What works to alleviate the problem will depends on the acidity of your coffee, the temperature of your coffee and cream, and a little bit of technique (more on that in the technique section). If you’re not willing to experiment but still want to enjoy a splash of vegan coffee creamer  in your coffee, you can get a “barista blend”. 

Barista Blends

The popularity of alternative milks have led to the development of “barista blends” intended for professional use. These dairy-free milks and dairy-free creamers have been specifically designed for coffee drinks by increasing the stability of plant-based milk proteins by buffers – carbonates, phosphates and citrates. These buffers prevent a rapid change in pH when the plant-based milk comes in contact with acidic coffee.

In addition to buffers, these barista blends also contain added fat for nice flavor and to protect the proteins. Dairy milk fat naturally contains compounds with buffering properties, which is why it doesn’t curdle as easily as plant-based products. Last but not least, the barista blends also contain stabilizers for improved heat tolerance and structural homogeneity. 

cashew milk & cashew cream (coffee creamer)

Tips for Making Vegan Coffee Creamer (Half-and-Half)

Ingredients

The main ingredient in this vegan coffee creamer are cashews. There are a few reasons why cashews perform better than any other nut or seed. They are creamy and rich with a nuttiness that is very subtle. They also have a touch of natural sweetness due to their naturally occurring sugars, so no additional sweetener is needed. Most importantly though, cashews don’t tend to curdle as much as other popular alternatives (almonds, coconut, hemp …) because their pH is quite low (more acidic). 

  • The pH of almond is 6.9
  • The pH of cashews is 6.3
  • The pH of coconut is 6.7
  • The pH of hemp is 6.6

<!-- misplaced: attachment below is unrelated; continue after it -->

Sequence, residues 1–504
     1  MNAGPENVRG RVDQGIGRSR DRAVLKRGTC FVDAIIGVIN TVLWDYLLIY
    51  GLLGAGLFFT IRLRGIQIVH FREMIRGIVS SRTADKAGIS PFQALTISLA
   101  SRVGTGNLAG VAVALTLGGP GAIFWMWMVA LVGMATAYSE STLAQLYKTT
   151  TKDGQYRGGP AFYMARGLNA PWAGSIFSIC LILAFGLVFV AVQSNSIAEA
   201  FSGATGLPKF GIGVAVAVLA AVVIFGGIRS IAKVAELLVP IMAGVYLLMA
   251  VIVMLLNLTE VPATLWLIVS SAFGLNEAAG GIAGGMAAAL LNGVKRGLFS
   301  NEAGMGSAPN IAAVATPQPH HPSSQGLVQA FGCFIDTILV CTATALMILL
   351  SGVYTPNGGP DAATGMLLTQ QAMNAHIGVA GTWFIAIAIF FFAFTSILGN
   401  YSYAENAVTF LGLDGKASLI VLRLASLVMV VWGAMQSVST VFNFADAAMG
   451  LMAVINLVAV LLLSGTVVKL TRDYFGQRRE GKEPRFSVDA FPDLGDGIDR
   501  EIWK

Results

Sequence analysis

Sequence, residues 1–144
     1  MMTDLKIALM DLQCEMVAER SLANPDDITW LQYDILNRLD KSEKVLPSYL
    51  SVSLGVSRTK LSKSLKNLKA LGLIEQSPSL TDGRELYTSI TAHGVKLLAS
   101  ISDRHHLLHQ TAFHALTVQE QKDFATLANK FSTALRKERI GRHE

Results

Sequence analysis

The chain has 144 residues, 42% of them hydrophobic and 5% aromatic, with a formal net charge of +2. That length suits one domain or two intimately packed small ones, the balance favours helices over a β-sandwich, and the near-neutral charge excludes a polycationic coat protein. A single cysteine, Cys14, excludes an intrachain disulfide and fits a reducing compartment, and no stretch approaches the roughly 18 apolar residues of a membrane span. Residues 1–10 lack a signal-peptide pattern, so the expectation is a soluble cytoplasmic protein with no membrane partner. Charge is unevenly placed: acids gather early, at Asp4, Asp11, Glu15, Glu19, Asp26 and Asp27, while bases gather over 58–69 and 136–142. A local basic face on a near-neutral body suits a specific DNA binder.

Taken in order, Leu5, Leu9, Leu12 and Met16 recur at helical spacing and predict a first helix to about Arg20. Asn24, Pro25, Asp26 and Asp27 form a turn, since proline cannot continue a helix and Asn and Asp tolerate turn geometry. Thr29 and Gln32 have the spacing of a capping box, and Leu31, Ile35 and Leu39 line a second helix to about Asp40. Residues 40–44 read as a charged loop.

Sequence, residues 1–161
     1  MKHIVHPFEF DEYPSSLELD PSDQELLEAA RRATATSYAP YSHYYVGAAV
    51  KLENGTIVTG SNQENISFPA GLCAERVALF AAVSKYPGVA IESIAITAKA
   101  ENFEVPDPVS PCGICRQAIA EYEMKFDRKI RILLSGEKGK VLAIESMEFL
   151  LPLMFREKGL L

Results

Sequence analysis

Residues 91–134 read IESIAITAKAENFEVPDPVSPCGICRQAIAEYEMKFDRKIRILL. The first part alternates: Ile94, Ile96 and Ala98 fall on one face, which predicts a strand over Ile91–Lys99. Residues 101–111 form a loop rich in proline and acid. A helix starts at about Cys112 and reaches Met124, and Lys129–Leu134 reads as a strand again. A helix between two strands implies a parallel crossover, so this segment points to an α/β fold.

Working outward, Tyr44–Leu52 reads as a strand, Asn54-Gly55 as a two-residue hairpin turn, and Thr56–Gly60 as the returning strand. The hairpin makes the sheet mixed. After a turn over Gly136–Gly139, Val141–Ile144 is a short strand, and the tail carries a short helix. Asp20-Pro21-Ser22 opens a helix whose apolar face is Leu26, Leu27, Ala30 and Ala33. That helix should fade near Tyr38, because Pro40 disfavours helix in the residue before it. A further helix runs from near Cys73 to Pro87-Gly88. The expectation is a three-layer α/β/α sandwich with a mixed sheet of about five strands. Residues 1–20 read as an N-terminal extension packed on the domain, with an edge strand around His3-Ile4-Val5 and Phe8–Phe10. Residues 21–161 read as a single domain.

The second ingredient in this recipe is sunflower lecithin, which is a phospholipid-based dietary supplement beneficial for the brain and the nervous system. In this recipe it acts as a fat emulsifier. In other words, it brings the fat from the cashews and the water together, holding them in suspension. No separation as the coffee creamer (half-and-half) sits in the fridge.

Technique

Making Vegan Coffee Creamer 

There are two methods for making vegan creamer. The first thing you can do is increase the nut to water ratio. The usual ratio for nut milk is 1:4. So, anything higher than that will yield thicker milk/cream. The second thing you can do is keep the nut to water ratio at 1:4, and then heat the milk. Bringing the cashew milk to just under a boil for a few minutes permanently increases its viscosity. 

The advantage of the first method is that the cream stays raw. The advantage of the second method is that the cream is lower in calories and more cost-effective.

Preventing Coffee Creamer from Curdling

The tricky part is not how to make the coffee creamer (all you need is a high-speed blender). The tricky part is how to use it so it doesn’t curdle or separate when you add it to your coffee. Here are a few tips: